Online Seed Sales Catching Up

March 11, 2005 - 12:40

Growers, retailers and breeders should start looking beyond their fellow neighboring competition and turn on their computers for a little more anxiety. According to a recent article in The Kansas City Star, since some of the more popular seed companies started selling seed on the Internet sales have skyrocketed.

Companies like W. Atlee Burpee & Co. of Warminster, Pa., who has traditionally been a typical catalog plant/seed company, have found out that the Internet is a great place to get orders. However, “Burpee still mails millions of catalogs each year and also sells its products at retail outlets. But these days, at least half the company's annual mail-order business comes from its online site at www.burpee.com, said Don Zeidler, the company's director of direct marketing,” in The Kansas City Star.

Though Burpee would not give The Kansas City Star exact numbers, the company did say that “there is an ever-increasing number of gardeners going online.”

“As household Internet usage increases, people are becoming more confident with that as their purchasing medium,” said Larry Sommers, vice president of the National Gardening Association in the article.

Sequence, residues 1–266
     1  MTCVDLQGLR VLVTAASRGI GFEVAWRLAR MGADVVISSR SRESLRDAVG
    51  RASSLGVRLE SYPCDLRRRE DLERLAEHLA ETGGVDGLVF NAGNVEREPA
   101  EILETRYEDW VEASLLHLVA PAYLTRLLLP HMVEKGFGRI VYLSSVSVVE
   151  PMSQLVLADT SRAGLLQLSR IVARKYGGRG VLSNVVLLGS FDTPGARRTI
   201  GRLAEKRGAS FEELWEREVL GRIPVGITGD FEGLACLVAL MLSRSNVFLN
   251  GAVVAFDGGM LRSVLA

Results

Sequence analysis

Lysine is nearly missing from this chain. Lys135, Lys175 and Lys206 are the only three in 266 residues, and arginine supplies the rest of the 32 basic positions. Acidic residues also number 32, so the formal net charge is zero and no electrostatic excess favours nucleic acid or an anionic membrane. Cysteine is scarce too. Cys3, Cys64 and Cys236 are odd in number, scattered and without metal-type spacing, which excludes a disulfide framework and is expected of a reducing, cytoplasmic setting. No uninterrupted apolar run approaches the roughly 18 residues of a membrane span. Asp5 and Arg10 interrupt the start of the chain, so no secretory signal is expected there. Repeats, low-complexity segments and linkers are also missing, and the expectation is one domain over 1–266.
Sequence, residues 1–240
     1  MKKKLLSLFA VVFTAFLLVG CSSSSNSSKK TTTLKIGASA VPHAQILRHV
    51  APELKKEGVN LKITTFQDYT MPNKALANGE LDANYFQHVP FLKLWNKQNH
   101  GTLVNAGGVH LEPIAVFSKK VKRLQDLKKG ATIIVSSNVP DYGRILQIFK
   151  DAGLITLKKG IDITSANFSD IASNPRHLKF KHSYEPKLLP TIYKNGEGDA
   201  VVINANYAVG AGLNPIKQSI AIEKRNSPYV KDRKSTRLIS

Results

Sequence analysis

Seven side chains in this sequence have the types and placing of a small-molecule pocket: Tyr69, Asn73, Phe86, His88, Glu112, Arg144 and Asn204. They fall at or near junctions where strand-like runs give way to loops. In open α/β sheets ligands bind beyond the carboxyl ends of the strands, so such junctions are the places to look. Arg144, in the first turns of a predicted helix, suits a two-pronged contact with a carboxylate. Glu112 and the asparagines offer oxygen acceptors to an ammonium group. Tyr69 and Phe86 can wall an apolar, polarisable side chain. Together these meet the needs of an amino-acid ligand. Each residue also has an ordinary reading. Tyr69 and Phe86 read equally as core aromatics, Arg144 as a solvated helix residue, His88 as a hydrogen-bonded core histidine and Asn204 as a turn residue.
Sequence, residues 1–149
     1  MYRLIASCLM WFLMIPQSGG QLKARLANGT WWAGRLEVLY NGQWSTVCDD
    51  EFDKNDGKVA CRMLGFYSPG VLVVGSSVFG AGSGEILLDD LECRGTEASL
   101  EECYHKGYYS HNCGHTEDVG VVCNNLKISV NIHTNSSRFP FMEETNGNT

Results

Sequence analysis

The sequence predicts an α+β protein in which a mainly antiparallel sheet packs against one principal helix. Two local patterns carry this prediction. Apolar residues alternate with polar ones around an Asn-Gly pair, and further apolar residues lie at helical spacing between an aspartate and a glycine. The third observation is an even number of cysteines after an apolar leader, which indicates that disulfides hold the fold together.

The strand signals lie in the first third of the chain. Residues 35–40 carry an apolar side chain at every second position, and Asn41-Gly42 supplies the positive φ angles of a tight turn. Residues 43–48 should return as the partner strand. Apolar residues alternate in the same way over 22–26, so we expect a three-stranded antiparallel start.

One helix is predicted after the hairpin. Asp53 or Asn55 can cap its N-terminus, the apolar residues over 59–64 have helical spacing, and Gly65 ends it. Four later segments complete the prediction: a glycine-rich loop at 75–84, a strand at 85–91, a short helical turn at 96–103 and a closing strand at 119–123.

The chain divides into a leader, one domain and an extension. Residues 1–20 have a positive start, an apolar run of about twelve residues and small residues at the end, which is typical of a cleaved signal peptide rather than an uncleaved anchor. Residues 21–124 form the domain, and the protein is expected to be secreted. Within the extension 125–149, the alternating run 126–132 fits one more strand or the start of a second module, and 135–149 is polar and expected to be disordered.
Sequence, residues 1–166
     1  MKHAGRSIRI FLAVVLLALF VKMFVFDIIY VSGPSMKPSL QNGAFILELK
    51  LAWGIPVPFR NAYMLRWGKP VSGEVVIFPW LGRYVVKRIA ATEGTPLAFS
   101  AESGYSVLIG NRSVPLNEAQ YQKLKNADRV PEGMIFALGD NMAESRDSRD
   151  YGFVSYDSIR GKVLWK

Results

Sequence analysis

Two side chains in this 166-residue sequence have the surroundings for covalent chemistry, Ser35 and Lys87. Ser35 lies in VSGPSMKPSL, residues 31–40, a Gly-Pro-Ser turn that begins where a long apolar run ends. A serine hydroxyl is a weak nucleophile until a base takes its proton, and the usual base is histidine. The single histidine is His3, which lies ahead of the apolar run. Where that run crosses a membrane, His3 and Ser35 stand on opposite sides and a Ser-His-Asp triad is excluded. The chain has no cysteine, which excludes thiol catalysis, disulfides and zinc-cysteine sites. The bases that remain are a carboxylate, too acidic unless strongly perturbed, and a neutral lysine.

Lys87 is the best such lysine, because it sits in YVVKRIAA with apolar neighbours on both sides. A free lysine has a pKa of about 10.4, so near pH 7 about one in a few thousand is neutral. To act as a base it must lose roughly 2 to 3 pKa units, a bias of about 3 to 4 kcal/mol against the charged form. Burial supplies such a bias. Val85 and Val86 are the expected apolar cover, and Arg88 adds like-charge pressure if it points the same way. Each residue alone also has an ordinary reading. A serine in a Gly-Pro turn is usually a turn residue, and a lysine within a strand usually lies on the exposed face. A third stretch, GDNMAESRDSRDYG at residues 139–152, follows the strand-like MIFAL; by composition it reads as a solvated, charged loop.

“Most mail-order garden companies that also have online sites now generate 20 percent to 30 percent of their annual direct-mail sales from the Internet, said Randy Schultz, spokesman for the Mail-order Gardening Association,” stated the article.

Harris Seeds, Rochester, N.Y. has been feeling the same way. “Online sales at Harris Seeds have shown annual double-digit growth in the past few years, said Karen McGuire, national sales and marketing manager for the firm's vegetable division,” said The Kansas City Star.

One of the reasons that Burpee thinks this new found floral cyber craze has come about is because “one of the best things about online ordering is that the Internet is equally beneficial to customers and to Burpee. More information about products, wider availability of goods and quicker shipping are just a few benefits of online shopping,” said the article.

“’We can write so much more about products and our services online than we can in a catalog,” Zeidler said. “And if we are unsure of the availability of a certain product when we are preparing the catalog, we can't include that product in the catalog. But when we do know, we can put it online,’” the article stated.

As new products become available, they are immediately added to plant- and seed-sellers' online sites which is sometimes a lot faster than what growers, breeders and retailer can do, making it easier to get new plant materials sooner.

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